Builders and architects are increasingly using metal sheets to clad buildings. These sheets are manipulated to provide an aesthetic facade. Such manipulation can be, and often is, performed by machine. For example, a machine may be used to impart bumps to sheets of metal. However, highly complex machine code must be developed to control the machine.

Where the bumps are to form a simple geometric pattern, machine code may be generated somewhat automatically. However, simple patterns are uninteresting, and therefore limited in their aesthetic appeal. Furthermore, such machine code must still be checked for errors and must often be modified to accommodate features of a building.

Modification of such machine code is often tedious and subject to human error, thereby requiring many error checking steps. Furthermore, any changes that must be implemented after such machine code is generated, requires more human based manipulation of the machine code, further increasing the opportunity for error.

If a more complex pattern or image is to be used, the machine code must be generated almost completely by hand. Hand generation of the machine code is extremely tedious and even more susceptible to human error. For these reasons, human based manipulation or generation of machine code is typically prohibitive.

Accordingly, there is a need for an improved method that overcomes the limitations of the prior art.

SUMMARY OF THE INVENTION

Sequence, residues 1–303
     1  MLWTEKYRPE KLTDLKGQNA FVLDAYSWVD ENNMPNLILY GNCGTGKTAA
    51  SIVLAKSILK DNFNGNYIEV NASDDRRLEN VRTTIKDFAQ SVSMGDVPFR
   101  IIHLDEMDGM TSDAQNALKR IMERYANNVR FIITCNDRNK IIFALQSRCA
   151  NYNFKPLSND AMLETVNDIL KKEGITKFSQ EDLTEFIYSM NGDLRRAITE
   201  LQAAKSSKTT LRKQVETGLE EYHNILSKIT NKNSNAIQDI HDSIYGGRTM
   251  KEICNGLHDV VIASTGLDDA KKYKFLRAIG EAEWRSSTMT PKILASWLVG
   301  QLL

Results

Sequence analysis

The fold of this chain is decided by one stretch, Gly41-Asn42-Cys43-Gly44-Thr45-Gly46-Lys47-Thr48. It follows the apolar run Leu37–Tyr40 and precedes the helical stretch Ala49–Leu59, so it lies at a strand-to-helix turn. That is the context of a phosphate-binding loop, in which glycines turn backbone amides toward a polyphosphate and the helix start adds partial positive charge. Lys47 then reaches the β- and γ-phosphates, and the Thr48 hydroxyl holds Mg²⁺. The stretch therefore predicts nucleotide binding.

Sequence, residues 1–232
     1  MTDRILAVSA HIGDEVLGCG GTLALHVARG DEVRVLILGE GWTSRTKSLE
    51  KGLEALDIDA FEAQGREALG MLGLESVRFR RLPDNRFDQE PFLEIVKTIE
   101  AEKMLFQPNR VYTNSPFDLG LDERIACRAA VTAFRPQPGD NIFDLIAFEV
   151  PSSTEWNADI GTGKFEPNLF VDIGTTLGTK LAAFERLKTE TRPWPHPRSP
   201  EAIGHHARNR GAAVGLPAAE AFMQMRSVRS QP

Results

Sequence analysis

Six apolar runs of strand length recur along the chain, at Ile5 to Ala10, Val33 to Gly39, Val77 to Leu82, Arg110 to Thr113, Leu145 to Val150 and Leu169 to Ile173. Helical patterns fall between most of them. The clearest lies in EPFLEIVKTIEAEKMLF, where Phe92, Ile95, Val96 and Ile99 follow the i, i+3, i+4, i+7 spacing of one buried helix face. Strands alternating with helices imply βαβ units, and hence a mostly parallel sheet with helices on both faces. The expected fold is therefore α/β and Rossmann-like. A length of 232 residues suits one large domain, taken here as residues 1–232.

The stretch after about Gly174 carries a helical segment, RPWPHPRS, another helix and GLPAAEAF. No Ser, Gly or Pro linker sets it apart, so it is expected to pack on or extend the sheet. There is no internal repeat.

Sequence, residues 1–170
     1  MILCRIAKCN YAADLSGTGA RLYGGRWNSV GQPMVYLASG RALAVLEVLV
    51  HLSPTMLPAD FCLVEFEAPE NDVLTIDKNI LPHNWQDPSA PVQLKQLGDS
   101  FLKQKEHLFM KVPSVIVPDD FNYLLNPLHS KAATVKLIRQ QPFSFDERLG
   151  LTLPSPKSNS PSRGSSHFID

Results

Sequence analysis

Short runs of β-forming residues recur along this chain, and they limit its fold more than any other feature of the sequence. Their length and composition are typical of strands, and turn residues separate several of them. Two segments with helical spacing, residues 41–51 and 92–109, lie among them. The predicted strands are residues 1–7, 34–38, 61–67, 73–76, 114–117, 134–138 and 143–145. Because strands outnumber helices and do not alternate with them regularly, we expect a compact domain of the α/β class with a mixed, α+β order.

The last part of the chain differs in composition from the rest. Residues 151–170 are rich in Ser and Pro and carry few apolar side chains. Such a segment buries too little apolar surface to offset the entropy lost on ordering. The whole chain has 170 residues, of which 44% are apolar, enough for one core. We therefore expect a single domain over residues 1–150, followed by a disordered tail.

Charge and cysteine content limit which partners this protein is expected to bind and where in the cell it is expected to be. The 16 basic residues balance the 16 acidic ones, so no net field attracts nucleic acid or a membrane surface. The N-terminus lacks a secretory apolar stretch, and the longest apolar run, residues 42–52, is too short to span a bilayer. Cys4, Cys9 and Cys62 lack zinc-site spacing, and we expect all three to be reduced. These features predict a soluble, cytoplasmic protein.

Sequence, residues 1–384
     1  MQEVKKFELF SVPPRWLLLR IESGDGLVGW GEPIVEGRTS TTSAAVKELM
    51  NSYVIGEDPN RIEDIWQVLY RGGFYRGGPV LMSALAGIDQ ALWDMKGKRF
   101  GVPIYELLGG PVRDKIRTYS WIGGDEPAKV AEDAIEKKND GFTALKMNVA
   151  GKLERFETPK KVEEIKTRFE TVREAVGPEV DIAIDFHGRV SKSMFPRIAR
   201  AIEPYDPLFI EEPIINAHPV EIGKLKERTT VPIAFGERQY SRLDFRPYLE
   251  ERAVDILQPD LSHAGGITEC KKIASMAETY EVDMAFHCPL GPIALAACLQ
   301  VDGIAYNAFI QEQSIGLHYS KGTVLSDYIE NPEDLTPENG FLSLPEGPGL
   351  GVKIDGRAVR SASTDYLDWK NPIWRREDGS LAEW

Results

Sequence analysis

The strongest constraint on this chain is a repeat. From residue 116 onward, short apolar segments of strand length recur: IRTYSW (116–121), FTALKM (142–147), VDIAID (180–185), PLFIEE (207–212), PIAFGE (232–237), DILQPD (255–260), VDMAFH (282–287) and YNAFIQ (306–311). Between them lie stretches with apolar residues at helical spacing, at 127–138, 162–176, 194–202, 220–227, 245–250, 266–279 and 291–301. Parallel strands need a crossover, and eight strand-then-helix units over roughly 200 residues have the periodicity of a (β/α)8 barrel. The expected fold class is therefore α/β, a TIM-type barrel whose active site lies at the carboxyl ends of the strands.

The present invention overcomes the above-identified problems and provides a distinct advance in the art of design systems. More particularly, the present invention provides a computer program and method that may be used to transfer a representation of an image to a surface of a building. The program of the present invention is preferably run on computer equipment capable of manipulating the image and running other computer aided design or drafting (CAD) software. The image is preferably captured using a digital camera, but may be drawn or scanned from a traditional picture.

The image is preferably provided in a digital image file having a common file format and is converted to a raster file comprising a series of dots. The dots are preferably arranged according to a predetermined grid and vary in size according to the image. In some cases, the dots may be so small as to be left blank for all practical purposes. The raster file is preferably scaled so that the representation of the image will substantially cover the entire surface of the building. For example, the representation of the image may be overlaid on a drawing of the surface and then stretched to cover the surface. Stretching the representation in this manner scales the raster file.